For as long as we have been human we have looked for some way of telling when we are being told the truth. We tried dunking witches, only to find that buoyancy is not connected to the supernatural. We tried torture, but discovered that people will eventually say just about anything to make it stop. We experimented with scopolamine and sodium pentathol, to learn that ‘truth serums’ do little more than make their targets susceptible to suggestion. And we’re still trying – with scientists pushing MRI scans and ECGs alongside AI as a ‘brain fingerprinting’ technique. The jury is out as to whether the latest ideas will prove any more reliable than those that went before.
It was investigating brain fingerprinting that prompted Amit Katwala, a senior contributor to WIRED, to write Tremors in the Blood – named for the 1730 quote from the novelist and spy Daniel Defoe, who believed guilt always caused such a tremble. It is a shame we have to wait until the ‘Coda’ to learn that it was the modern search for an infallible truth machine that inspired Katwala, as what makes up the rest of the book is a thrilling, page-turning near-novelisation of the development of what we now know as the polygraph.
We begin in early 20th-century America, first in Berkeley, California, with August Vollmer, the man credited as the father of modern American policing, and observe the efforts of an uneducated boy made good to bring scientific method to a police force more used to dispensing justice by the ‘third degree’ (administered usually by beatings to the stomach). We are then taken to Chicago, following two of Vollmer’s protégés as they invent and ‘perfect’ what is initially named the ‘cardio-pneumo-psychograph’. It is a tale of friendship, romance, rivalry and murder as we witness the early polygraph’s use in two separate capital cases – with drastic results in each.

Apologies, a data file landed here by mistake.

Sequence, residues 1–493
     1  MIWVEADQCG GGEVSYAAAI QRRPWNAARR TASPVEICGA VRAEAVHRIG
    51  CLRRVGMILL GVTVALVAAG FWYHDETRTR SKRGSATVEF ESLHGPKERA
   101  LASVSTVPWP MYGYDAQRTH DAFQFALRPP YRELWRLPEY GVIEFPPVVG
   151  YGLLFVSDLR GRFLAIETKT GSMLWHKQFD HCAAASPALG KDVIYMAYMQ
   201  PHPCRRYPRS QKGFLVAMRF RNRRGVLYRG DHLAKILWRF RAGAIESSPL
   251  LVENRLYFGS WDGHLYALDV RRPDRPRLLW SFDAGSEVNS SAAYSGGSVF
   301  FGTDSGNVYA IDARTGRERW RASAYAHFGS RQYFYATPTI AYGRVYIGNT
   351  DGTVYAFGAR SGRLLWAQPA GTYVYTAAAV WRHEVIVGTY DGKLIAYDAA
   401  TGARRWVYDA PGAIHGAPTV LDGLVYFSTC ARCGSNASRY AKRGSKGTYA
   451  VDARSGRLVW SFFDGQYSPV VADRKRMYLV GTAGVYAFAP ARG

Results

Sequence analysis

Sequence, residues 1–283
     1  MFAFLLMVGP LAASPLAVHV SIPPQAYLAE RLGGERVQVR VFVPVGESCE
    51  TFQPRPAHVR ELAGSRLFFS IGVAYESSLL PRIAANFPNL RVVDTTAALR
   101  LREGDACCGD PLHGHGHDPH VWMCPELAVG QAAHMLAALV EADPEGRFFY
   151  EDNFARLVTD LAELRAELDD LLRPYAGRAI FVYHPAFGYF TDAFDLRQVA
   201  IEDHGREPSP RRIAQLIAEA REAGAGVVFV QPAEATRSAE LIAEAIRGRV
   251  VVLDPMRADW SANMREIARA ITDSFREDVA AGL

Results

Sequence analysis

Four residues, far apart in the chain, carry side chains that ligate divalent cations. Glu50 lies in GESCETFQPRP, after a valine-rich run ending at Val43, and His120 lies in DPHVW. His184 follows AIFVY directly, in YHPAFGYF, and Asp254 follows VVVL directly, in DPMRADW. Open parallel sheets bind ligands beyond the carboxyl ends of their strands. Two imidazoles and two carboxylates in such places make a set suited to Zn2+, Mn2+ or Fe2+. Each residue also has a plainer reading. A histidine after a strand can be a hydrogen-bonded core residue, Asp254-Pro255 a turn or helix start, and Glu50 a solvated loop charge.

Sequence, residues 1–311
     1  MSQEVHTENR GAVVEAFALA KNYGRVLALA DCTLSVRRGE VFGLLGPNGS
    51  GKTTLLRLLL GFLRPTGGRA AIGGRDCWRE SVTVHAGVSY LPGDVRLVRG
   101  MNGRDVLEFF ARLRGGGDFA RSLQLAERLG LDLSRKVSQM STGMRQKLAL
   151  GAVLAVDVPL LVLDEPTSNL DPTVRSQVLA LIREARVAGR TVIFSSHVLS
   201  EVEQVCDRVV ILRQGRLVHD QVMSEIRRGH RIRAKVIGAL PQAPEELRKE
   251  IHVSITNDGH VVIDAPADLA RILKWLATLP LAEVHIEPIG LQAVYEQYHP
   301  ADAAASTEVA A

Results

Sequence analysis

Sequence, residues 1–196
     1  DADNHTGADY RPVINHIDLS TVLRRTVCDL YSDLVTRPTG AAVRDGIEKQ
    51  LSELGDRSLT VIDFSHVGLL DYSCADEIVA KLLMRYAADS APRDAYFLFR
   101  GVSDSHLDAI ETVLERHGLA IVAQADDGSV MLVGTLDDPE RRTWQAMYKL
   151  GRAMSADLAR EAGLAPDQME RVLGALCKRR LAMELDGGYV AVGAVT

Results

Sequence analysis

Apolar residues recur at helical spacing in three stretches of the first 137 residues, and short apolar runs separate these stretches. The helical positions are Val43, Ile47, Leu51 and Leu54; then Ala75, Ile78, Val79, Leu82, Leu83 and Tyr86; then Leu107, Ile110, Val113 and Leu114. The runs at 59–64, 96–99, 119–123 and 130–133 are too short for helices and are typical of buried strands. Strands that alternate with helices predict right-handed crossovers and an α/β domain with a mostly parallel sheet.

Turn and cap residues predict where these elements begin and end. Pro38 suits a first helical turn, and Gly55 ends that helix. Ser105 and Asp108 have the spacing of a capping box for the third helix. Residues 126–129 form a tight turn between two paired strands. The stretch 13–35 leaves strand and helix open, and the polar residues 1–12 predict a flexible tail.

Those looking for a scientific rationale or debunking of the polygraph will be disappointed: this is not that book. We see doubts emerge for various inventors, and the author stresses that the technology – which is not admissible in court – does not work; but this is largely told as a matter of faith. Tremors in the Blood is not a work of popular science. Instead, Katwala’s meticulous archival research, centred around two high-profile US murder cases – those of Henry Wilkens and Joseph Rappaport – is worthy of any thriller. Omniscient third-person narration keeps the pace flowing, if at the risk of irritating pedants (we occasionally get the inner thoughts of people seconds before their death). This is a book begging to be optioned by Netflix or some other studio and would be a movie well worth watching.
Yet a niggling frustration remains. By the book’s end in the 1930s, our group of inventors had become largely disillusioned with the polygraph’s potential. We are left with only hints of what has happened since, though some may be aware of it. Polygraphs are routinely used today across huge swathes of life – in tests by intelligence and law enforcement agencies, in parole hearings, by the military and often by the US police, despite their inadmissibility in court – and we should consider the harm wreaked by Jeremy Kyle and his ilk on live television. How much worse that might be with a next-generation ‘lie detector’ of the sort Katwala describes in his ‘Coda’ – one that scans the brain and uses AI. To a layman, those words alone are enough to give an aura of infallibility to an entirely unproven technology.
Clearly this concern was Katwala’s motivation for writing the book; but it is hard not to wish he had combined his obvious narrative gift with a discussion of the consequences of the events he describes, and of why the technology didn’t work then and might not work now. Nevertheless, Tremors in the Blood will make us just as engrossed by the two murder cases he focuses on as news-parer readers were at the time – and leave us similarly wondering how, exactly, we might ever know whether someone is telling the truth.